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The Daily Wildcat

The Daily Wildcat


Sugar Daddies give ‘financial aid’ to students in exchange for companionship

College tuition is higher than it has ever been and students are taking on jobs, student loans and sugar daddies to pick up the slack. That’s right, sugar daddies are now being marketed as a form of “financial aid.”

Websites like seek to create “mutually beneficial relationships” by providing a place for wealthy men and women known as sugar daddies and sugar mommas to connect with attractive, low-income sugar babies.

Sugar Baby University, part of, advertises an average monthly allowance of $3,000 to college students looking for tuition money and some UA students are taking the bait.

In its annual ranking of the fastest growing sugar baby schools, Sugar Baby University ranked ASU second and the UA 14th. The rankings are based on the number of new student sign-ups from each university in 2015. Last year, UA had 84 new sign-ups while ASU had 189.

Students who sign up for their sugar baby membership using a school email account, or who later submit proof of their enrollment in college, receive free premium memberships. Public relations manager Brook Urick said via email that this is how keeps track of unique university sign-ups. has been around since 2006 and now has a reported 1.134 million student sugar babies in the U.S., according to the company’s 2016 Us press release.

The company’s basic business model is this: all sugar babies, male and female, get free basic membership, while sugar daddies and mommas must pay monthly fees.

“Sugar daddies can pay $70 a month for a premium membership or $200 a month for the diamond membership,” said Angela Bermudo, a member of Seeking Arrangement’s press.

Signing up for a membership is simple for people looking to become sugar babies. While Seeking Arrangement’s terms state that “you must be at least eighteen years old to register as a Member or use the Website. Membership in the Service is void where prohibited,” the website does not require any identification verifying age.

To become a full-fledged sugar baby, members must submit a photo or photos, a short biography and a description of the kind of arrangement they are looking for. These items are shown as pending until a website administrator approves of their content. Sugar babies must also enter stats including body type, height, birthday, whether they smoke or drink and their expected lifestyle (i.e. moderate, luxury, etc.).

Members are encouraged to use fake names online and administrators review these too. If a name appears to be real, administrators will replace letters in the last name with numbers.

Once a sugar baby profile is approved, it becomes visible to sugar daddies or mommas based on the preference of the sugar baby. Sugar babies can browse the sites of sugar daddies and/or mommas, and have the ability to favorite their pages and send free messages.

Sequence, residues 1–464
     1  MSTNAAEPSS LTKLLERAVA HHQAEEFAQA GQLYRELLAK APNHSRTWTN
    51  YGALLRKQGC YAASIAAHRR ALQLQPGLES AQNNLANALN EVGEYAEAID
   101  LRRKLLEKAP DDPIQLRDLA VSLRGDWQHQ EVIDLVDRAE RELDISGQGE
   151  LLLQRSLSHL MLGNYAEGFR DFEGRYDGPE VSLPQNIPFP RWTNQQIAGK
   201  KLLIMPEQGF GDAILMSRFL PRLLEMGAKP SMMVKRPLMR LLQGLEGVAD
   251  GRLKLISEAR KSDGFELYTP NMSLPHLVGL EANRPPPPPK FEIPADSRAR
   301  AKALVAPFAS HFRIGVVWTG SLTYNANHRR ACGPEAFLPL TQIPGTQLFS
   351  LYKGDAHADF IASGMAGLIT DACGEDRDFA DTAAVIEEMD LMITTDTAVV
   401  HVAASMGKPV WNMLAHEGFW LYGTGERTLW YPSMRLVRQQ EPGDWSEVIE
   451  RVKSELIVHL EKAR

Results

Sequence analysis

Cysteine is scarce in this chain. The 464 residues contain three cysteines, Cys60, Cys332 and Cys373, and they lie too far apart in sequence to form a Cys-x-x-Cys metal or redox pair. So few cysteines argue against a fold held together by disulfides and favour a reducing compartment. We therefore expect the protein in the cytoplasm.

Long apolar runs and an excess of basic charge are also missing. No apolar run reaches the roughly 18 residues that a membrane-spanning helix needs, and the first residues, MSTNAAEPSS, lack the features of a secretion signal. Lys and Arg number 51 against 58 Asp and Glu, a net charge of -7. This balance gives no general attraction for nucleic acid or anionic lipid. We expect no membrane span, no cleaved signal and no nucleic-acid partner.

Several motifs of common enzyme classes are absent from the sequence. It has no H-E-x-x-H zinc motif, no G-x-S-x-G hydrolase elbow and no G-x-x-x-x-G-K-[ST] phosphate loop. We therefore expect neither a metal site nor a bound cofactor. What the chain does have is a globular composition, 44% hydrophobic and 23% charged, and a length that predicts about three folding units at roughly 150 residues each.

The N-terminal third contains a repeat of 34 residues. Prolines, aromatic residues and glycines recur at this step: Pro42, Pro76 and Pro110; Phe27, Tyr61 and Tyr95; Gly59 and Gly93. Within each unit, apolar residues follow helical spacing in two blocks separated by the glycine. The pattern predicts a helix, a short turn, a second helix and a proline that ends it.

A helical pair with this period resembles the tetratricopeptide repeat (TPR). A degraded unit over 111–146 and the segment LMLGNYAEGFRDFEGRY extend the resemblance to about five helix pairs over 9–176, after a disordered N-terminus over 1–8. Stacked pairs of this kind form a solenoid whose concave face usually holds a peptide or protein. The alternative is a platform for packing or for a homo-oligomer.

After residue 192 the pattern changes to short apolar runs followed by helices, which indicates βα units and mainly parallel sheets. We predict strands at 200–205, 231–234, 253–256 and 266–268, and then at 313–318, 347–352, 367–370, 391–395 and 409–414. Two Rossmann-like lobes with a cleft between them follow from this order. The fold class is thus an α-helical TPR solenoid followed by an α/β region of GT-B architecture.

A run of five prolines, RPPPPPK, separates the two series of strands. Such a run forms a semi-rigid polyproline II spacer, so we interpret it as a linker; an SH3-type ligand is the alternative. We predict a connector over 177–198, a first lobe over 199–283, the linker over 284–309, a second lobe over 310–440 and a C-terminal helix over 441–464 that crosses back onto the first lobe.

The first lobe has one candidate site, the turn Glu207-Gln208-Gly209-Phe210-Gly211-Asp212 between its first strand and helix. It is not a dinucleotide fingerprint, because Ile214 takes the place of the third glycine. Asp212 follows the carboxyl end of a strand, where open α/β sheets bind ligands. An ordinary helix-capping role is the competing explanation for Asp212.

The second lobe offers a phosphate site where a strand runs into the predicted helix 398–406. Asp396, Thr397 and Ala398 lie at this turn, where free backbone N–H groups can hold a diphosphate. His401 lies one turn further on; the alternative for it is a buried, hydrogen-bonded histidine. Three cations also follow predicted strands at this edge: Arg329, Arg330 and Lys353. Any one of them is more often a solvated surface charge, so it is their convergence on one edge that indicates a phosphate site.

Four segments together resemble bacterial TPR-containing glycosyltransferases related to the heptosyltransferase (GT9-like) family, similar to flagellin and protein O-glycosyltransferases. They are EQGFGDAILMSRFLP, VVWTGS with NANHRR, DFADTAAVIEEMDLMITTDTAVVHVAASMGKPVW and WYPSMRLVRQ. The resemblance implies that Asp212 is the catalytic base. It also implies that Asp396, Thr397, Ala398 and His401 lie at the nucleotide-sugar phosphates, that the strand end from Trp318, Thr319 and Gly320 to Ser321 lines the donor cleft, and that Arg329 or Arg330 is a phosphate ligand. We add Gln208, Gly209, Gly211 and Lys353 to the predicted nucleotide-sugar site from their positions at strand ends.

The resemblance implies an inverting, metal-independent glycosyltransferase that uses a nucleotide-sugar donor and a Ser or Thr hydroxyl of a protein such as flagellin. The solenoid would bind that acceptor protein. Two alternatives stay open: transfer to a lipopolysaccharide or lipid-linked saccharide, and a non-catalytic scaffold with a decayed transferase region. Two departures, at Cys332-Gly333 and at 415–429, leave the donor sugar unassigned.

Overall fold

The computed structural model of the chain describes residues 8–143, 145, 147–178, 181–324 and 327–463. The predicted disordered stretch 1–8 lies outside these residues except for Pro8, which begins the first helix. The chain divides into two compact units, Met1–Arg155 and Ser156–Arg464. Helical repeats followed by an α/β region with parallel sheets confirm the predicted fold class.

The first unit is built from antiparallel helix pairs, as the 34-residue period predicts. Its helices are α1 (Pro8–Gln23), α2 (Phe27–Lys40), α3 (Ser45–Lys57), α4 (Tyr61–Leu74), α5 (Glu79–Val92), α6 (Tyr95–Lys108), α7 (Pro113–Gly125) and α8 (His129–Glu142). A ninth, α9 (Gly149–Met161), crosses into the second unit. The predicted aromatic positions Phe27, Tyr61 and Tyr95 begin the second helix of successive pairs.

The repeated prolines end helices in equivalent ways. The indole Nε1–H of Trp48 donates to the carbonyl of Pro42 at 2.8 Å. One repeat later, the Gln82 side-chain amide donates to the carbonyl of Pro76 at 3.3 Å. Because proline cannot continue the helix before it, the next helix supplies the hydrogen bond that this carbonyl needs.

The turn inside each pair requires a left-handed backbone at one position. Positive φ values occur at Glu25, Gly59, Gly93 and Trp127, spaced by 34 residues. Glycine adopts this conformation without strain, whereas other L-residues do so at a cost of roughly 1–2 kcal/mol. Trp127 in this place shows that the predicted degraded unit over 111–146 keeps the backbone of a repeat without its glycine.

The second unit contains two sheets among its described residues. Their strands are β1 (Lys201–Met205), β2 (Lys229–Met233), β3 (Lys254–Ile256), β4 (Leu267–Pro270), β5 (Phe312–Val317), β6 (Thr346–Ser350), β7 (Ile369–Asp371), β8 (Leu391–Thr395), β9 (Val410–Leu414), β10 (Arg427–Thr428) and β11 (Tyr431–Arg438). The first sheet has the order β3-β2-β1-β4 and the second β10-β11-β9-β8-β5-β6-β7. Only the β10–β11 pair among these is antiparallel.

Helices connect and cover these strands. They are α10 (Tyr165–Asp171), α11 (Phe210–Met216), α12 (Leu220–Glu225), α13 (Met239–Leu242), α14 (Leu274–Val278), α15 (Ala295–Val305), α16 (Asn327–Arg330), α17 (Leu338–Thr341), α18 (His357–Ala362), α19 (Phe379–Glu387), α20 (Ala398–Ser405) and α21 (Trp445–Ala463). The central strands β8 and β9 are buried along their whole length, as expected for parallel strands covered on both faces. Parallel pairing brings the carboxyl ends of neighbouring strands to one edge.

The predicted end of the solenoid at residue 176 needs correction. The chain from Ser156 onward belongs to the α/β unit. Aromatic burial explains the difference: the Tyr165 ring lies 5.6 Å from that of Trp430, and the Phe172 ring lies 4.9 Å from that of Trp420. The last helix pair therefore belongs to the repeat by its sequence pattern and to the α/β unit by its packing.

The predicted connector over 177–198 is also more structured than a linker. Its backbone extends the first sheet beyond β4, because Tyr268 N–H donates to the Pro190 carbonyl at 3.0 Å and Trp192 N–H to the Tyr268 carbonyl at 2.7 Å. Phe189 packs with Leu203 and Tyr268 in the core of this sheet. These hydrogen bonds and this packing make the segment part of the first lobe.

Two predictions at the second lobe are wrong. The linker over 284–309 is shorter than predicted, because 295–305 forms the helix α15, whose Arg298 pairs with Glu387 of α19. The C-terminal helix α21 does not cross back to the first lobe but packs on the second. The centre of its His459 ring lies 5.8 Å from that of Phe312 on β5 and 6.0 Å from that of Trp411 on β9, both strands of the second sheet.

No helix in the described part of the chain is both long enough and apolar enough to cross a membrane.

One sugar daddy profile claimed that the user had a net worth of $2 million and an annual income of $400,000. Sugar daddies and mommas are not required to enter their net worth and income, but they often do. They can also enter their height, body type, education and relationship status.

Sugar daddy and sugar momma accounts are not always run by just one person. Some accounts are created and used by couples. One profile, apparently made by a female user, stated a desire to find a woman to rendezvous with her and her boyfriend.

The types of sugar arrangements one can procure on are numerous. Regardless of the type of relationship they are seeking, sugar babies are monitored by the website as promised in a Sugar Baby University advertisement.

Associate professor of sociology Louise Roth said the idea promoted by is an old one.

“It kind of buys into the idea that women can exchange their youth and beauty for financial support,” she said. “A different version than we saw in the 1950s of that, but also I think a big part of it that plays into that, this in the contemporary context, is that the cost of going to university and the fact that people take out really big student loans that they’re then going to be responsible for, you know, no matter what.”

Roth called sugar relationships “exploitative,” but she did not believe the rise of university sugar babies would have any long-term negative cultural effects.

“Well, again, if you look in the 1950s, most people still ended up with someone who was close to their age and the same social status as themselves and I don’t think that’s going to change in, you know, the sort of longer term with this either,” Roth said.

Whether or not modern sugar relationships will increase is unknown, but the answer will lie partly in the price of college attendance. Whether tuition continues to increase remains to be seen.

Follow Michelle Jaquette on Twitter.

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